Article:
The exhibition marks the artist’s first institutional exhibition in North America since 2011.
Moulène insists that no work of art exists “without conditions and constraints...without material, economic, historic, and bodily conditions.” For More or Less Bone, Moulène pragmatically centers the production of his work on these conditions, generating form through the exploitation of advanced engineering procedures, or, as the artist describes, making “a piece that is nothing but its own condition of existence.”
Moulène has collaborated closely with engineers from Aerospace Valley (France’s Silicon Valley) with advanced expertise in formal optimization, wherein the form of an object is defined through a process that identifies the best (most efficient, least wasteful) solution given a set of discrete variables. The “problem” devised by the artist is to produce an optimized form connecting three generic objects: a sphere (an abstract form), a spiral staircase (a constructed form), and a knucklebone (an organic form). Modeling these conditions in CATIA and other software, Moulène and the engineers introduced further constraints, manipulating the form of this “object of juncture” to account for a set volume, scale, terrestrial gravity, the material properties of fiberglass, and environmental conditions like wind and earthquakes.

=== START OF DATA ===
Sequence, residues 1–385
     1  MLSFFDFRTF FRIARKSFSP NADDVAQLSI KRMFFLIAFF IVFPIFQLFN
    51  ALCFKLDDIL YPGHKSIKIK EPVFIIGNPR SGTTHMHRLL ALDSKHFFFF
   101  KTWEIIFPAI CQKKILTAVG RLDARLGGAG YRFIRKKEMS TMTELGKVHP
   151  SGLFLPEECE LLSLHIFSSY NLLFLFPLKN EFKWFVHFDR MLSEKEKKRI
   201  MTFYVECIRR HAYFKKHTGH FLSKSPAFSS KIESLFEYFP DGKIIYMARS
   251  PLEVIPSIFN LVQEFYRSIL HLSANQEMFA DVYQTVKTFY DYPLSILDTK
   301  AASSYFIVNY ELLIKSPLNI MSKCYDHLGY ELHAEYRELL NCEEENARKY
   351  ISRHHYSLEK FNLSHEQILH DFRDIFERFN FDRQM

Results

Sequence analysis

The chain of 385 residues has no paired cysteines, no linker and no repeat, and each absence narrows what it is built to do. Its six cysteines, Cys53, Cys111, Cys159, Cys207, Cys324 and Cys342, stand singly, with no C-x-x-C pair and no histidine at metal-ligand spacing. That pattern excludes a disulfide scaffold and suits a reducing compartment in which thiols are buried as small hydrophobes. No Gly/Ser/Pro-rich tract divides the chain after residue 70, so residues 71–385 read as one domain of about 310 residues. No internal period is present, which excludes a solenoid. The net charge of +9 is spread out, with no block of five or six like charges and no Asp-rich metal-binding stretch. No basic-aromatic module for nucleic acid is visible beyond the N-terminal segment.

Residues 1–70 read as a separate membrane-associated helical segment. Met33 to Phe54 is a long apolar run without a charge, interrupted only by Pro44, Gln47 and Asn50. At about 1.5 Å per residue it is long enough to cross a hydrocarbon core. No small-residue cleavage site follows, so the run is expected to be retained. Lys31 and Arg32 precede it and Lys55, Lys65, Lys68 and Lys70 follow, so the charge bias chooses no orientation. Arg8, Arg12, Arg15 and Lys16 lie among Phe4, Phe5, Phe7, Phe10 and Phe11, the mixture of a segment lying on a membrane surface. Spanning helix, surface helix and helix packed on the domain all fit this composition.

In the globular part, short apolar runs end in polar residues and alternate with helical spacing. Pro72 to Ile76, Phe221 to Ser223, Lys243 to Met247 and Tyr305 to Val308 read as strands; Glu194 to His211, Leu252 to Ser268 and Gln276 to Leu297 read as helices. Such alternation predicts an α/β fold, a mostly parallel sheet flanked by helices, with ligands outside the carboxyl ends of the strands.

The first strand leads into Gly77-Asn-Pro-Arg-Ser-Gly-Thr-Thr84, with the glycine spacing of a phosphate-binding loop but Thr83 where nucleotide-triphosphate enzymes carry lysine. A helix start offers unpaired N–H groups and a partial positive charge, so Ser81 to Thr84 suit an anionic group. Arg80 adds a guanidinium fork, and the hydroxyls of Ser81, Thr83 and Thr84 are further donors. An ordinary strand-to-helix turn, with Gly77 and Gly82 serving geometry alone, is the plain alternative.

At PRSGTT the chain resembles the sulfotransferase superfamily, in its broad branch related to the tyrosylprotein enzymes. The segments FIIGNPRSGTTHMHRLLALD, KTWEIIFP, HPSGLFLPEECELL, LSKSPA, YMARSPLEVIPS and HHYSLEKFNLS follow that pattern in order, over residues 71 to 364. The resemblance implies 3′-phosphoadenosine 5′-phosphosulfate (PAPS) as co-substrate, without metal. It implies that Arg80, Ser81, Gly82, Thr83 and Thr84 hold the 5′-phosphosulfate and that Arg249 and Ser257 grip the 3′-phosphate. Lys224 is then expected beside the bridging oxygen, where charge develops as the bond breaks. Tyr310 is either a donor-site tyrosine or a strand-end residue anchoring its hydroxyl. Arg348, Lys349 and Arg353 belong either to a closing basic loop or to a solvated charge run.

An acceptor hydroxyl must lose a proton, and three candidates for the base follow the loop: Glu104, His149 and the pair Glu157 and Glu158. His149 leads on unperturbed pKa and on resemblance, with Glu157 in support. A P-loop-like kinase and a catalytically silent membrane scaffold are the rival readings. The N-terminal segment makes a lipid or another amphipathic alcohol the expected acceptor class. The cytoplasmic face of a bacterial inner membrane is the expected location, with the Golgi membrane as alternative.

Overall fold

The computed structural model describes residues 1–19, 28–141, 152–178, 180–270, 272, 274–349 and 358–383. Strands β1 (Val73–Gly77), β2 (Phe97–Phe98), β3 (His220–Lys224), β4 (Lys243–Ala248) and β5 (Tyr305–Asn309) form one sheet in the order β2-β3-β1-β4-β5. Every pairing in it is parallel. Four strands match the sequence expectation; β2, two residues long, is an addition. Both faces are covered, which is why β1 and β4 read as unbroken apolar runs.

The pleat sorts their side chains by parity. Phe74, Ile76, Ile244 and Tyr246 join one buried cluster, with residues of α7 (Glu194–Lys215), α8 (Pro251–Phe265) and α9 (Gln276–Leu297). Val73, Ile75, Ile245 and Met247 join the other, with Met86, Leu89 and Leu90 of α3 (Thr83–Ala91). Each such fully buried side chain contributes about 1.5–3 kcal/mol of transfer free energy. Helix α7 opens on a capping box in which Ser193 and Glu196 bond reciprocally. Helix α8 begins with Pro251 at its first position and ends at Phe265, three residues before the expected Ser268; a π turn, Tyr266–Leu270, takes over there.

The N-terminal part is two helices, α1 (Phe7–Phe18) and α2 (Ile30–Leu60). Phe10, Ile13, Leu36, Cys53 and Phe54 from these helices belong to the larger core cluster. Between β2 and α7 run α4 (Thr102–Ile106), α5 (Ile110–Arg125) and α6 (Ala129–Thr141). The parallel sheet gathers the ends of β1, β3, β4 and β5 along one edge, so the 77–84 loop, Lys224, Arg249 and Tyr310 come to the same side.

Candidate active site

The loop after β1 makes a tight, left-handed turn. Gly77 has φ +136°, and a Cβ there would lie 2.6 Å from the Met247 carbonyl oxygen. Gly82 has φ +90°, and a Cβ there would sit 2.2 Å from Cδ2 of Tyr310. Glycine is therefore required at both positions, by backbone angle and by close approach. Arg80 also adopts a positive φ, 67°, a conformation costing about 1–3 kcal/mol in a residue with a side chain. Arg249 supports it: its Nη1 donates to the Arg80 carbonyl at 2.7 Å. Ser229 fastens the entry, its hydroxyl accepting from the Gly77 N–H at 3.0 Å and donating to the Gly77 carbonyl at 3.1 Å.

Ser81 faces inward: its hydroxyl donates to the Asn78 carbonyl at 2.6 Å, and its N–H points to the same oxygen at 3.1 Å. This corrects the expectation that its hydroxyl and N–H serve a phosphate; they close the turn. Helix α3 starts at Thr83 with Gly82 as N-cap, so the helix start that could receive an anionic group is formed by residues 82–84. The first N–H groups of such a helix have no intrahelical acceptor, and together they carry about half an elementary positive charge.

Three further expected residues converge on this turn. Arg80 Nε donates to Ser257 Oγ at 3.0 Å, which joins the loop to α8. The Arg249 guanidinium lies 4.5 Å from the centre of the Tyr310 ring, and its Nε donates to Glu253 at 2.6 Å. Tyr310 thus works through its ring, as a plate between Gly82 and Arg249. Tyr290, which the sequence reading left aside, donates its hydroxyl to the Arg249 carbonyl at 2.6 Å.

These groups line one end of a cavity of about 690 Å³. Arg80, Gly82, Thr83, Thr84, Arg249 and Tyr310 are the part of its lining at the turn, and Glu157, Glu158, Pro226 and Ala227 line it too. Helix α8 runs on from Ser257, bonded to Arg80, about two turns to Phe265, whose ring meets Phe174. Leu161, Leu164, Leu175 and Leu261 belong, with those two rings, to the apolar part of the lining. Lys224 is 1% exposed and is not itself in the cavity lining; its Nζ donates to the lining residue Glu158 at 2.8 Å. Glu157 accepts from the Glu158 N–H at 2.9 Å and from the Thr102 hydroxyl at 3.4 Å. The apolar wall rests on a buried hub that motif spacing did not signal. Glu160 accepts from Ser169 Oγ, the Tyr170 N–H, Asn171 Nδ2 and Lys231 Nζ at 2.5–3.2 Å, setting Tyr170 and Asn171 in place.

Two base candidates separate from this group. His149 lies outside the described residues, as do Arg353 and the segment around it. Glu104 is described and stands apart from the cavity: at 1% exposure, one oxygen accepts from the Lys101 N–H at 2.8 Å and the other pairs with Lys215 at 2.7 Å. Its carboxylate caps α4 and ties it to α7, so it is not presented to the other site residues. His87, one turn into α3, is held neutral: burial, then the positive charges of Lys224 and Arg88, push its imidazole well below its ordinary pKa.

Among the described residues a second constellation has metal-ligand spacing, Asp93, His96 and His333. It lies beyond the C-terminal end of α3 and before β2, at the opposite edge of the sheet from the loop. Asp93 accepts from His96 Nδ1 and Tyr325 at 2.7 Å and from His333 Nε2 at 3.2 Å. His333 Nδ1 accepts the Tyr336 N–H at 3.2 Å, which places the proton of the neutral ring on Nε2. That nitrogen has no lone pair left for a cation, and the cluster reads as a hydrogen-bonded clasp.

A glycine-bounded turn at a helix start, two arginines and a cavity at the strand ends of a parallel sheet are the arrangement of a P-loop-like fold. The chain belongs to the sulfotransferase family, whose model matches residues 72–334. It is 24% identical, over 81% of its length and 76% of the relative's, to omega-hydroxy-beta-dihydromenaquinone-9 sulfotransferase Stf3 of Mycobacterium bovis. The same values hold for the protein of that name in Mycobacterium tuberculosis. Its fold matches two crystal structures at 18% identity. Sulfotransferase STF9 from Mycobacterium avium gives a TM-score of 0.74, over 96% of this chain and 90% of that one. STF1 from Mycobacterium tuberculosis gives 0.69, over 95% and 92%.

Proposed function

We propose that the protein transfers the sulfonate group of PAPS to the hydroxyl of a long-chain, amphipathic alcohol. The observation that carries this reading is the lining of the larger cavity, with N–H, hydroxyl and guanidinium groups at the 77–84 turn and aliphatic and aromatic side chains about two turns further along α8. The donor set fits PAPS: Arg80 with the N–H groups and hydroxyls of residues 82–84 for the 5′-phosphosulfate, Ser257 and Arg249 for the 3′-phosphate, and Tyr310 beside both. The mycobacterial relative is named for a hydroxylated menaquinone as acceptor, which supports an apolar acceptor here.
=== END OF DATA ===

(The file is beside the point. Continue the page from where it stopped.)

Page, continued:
The result of this optimization, a process often employed to increase efficiency and profitability in manufacturing, is an object that looks remarkably like a bone. If a work of art as such exists alongside the social/material matrix of a certain moment in time, which could otherwise be called politics, then Moulène’s More or Less Bone posits that the conditions of optimized production drive all form toward the skeletal: fleshless, scraped clean, hard, and without waste; the absolute minimum necessary.
Initially known for his enigmatic photographic endeavors, Moulène’s more recent projects have investigated the intersections of advanced technology and contemporary material culture. In consideration of current advances in 3D modeling and fabrication, Moulène compares this moment in the history of object making to the advent of photography and its total transformation of human experience. While photography reproduced the world as an image, we are now about to print it in 3D. His art takes part in the rapid advancement of such technologies that re/produce the world, making palpable the social and historical dimensions that are absent in its conventional objects and commodities.